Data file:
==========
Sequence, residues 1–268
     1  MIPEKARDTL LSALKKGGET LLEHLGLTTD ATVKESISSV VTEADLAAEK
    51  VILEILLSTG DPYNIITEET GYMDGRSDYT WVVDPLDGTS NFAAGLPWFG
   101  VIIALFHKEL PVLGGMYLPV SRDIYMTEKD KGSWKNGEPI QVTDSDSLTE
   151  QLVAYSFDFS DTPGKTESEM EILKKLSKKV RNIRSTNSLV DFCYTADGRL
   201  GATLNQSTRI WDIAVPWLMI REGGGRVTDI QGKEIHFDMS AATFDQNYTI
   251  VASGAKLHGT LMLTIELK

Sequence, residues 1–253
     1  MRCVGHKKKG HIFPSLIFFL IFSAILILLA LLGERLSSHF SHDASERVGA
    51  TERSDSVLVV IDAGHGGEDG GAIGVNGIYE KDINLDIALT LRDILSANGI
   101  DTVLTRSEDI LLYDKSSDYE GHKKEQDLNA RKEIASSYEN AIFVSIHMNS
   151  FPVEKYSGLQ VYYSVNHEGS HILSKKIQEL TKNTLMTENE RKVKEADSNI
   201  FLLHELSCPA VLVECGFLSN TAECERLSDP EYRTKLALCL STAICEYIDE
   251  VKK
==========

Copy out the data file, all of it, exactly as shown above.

Sequence, residues 1–268
     1  MIPEKARDTL LSALKKGGET LLEHLGLTTD ATVKESISSV VTEADLAAEK
    51  VILEILLSTG DPYNIITEET GYMDGRSDYT WVVDPLDGTS NFAAGLPWFG
   101  VIIALFHKEL PVLGGMYLPV SRDIYMTEKD KGSWKNGEPI QVTDSDSLTE
   151  QLVAYSFDFS DTPGKTESEM EILKKLSKKV RNIRSTNSLV DFCYTADGRL
   201  GATLNQSTRI WDIAVPWLMI REGGGRVTDI QGKEIHFDMS AATFDQNYTI
   251  VASGAKLHGT LMLTIELK

Sequence, residues 1–253
     1  MRCVGHKKKG HIFPSLIFFL IFSAILILLA LLGERLSSHF SHDASERVGA
    51  TERSDSVLVV IDAGHGGEDG GAIGVNGIYE KDINLDIALT LRDILSANGI
   101  DTVLTRSEDI LLYDKSSDYE GHKKEQDLNA RKEIASSYEN AIFVSIHMNS
   151  FPVEKYSGLQ VYYSVNHEGS HILSKKIQEL TKNTLMTENE RKVKEADSNI
   201  FLLHELSCPA VLVECGFLSN TAECERLSDP EYRTKLALCL STAICEYIDE
   251  VKK